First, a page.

Have you ever looked back at a chain of events in your life and wondered if the world was setting you up to make a big change? I can’t help but feel I was being prepped over the last several months to make a huge life switch. Remember my panicky chair rant from months ago? It’s so ironic. Two months later, my column in the local paper was canceled because it wasn’t “local-centric.” And then my husband declared he wanted to move closer to his workplace, as the 55-minute commute had finally taken its toll after eleven years. In the end, I had to give up not only my beloved writer space and chair at my favorite coffee shop, but my whole town. I’m not going to lie. It was hard to accept.

ImageAs much as I complain about living in Hellinois, my nickname for the great soul-beating state that is Illinois, I do love this town. It’s not Chicago, but it’s pretty much the next best thing as far as culture goes. Over the past few months, I had to accept the fact I’d be giving that up and moving to a smaller town, Conservativeland, if you will, and have been plotting how I will survive. It has a university within a bike ride of my new house, and a fairly vast library I will be able to get lost in. Plus, there is a coffee shop. I don’t think it has a special cushy chair, but it does have chai. And there is a nearby multiplex, as well as a single-screen theater currently under renovation in the old downtown. Access to movies, books, and a hermit hole is basically all I ask for. The food in this town is dismal in comparison to the one I live in now, so I’m going to have to cook more (Big HAH!) or something.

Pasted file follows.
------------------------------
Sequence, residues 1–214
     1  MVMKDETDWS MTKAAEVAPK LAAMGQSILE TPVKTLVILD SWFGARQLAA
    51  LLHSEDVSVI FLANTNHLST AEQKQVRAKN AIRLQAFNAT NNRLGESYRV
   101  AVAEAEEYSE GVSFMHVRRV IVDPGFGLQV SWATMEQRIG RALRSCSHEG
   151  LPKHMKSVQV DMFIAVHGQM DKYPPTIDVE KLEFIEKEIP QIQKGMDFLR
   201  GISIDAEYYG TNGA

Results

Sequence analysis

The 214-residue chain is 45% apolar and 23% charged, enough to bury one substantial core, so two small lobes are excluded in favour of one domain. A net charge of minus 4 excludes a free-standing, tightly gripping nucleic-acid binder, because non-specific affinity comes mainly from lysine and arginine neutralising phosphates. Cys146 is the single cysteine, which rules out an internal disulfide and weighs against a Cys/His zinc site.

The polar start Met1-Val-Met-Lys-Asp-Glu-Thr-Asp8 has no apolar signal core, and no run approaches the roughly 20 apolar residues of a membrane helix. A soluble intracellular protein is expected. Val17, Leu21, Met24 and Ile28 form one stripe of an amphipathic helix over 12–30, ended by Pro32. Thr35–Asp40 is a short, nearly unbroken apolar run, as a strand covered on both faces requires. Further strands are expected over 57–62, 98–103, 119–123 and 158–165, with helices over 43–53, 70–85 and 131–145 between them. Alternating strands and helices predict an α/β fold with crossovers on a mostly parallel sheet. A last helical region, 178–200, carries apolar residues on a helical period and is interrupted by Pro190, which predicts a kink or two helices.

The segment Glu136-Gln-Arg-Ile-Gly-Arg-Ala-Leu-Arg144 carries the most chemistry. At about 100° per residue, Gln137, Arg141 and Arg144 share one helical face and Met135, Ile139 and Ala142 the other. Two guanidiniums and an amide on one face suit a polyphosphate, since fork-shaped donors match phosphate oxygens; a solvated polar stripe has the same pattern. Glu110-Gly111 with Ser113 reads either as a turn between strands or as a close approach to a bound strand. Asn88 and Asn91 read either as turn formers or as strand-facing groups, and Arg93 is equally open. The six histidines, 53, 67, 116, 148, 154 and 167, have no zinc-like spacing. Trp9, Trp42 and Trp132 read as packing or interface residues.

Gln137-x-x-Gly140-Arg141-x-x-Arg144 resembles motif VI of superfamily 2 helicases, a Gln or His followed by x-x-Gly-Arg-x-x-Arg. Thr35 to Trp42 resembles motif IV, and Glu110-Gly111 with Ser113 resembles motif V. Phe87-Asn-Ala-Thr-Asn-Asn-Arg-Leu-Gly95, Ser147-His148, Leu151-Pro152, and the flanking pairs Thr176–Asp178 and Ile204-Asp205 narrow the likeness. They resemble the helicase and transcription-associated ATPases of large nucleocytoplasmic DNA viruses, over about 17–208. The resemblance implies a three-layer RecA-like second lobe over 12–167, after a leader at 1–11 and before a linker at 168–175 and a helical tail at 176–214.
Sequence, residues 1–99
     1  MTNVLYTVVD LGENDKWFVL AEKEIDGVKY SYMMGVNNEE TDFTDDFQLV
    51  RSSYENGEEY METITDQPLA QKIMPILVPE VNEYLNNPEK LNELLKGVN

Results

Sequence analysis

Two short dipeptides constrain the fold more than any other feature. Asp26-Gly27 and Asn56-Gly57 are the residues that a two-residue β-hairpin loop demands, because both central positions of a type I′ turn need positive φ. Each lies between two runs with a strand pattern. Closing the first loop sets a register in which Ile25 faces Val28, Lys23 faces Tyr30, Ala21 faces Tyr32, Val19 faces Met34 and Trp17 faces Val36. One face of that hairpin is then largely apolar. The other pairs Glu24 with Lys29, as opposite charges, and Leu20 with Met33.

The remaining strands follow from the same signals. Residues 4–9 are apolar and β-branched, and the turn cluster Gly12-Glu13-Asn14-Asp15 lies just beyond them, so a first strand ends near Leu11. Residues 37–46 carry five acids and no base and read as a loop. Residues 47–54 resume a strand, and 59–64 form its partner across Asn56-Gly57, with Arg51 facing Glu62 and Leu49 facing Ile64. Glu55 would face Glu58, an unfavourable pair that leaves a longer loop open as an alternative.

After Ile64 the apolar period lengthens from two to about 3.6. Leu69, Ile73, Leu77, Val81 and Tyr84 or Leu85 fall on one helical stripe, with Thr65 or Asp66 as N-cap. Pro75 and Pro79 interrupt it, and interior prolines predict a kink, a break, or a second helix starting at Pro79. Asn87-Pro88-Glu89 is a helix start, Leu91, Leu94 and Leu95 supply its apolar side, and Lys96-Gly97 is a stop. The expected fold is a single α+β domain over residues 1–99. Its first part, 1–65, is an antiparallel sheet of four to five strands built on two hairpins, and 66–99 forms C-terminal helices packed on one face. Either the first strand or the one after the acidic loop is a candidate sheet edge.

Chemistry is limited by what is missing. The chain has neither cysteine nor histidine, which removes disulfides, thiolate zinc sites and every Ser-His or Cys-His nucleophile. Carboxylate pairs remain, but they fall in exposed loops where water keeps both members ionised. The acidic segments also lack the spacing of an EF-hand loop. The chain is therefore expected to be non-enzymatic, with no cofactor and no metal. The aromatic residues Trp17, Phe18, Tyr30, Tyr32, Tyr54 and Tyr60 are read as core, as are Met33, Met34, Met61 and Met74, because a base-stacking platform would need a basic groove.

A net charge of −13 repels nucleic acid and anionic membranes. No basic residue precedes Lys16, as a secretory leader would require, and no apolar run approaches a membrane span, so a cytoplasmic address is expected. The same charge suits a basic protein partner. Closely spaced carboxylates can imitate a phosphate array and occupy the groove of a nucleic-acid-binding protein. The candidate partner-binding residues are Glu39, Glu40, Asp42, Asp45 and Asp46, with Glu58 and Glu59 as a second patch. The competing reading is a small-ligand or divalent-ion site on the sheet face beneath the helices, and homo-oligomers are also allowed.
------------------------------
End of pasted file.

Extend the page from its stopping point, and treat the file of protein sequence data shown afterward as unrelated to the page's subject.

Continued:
What’s really weird is how more and more things keep changing before the move. The school down the street from where I live has shut down for renovations, and they  tore out several huge, beautiful trees to make way for a new addition. Down the street from my coffee shop, a hotel is scheduled to go into an empty space where a building burned down a couple years back. (I was there the morning the firefighters were putting out the flames.) My local independent movie theater has turned into a co-op because rent is ridiculously high, and I fear for its survival. Even some of the regular servers at our favorite haunts have disappeared. Bearded Guy doesn’t come into my coffee shop and sit at the table in front of me every day like he used to. I still see him, but not as much anymore.

It’s as if all these changes are happening at this point in time to push me out, to make it easier for me to leave it all behind; like a chapter in the life of this town has come to an end, and when I come back after the move, it’ll be a different town than what I once knew. Leaving a town with all the creature comforts is bad enough, but leaving behind the personal things that make it your town is the worst. As someone who despises change, I hate to see these things happen, and it’s almost easier to leave now than it ever could’ve been.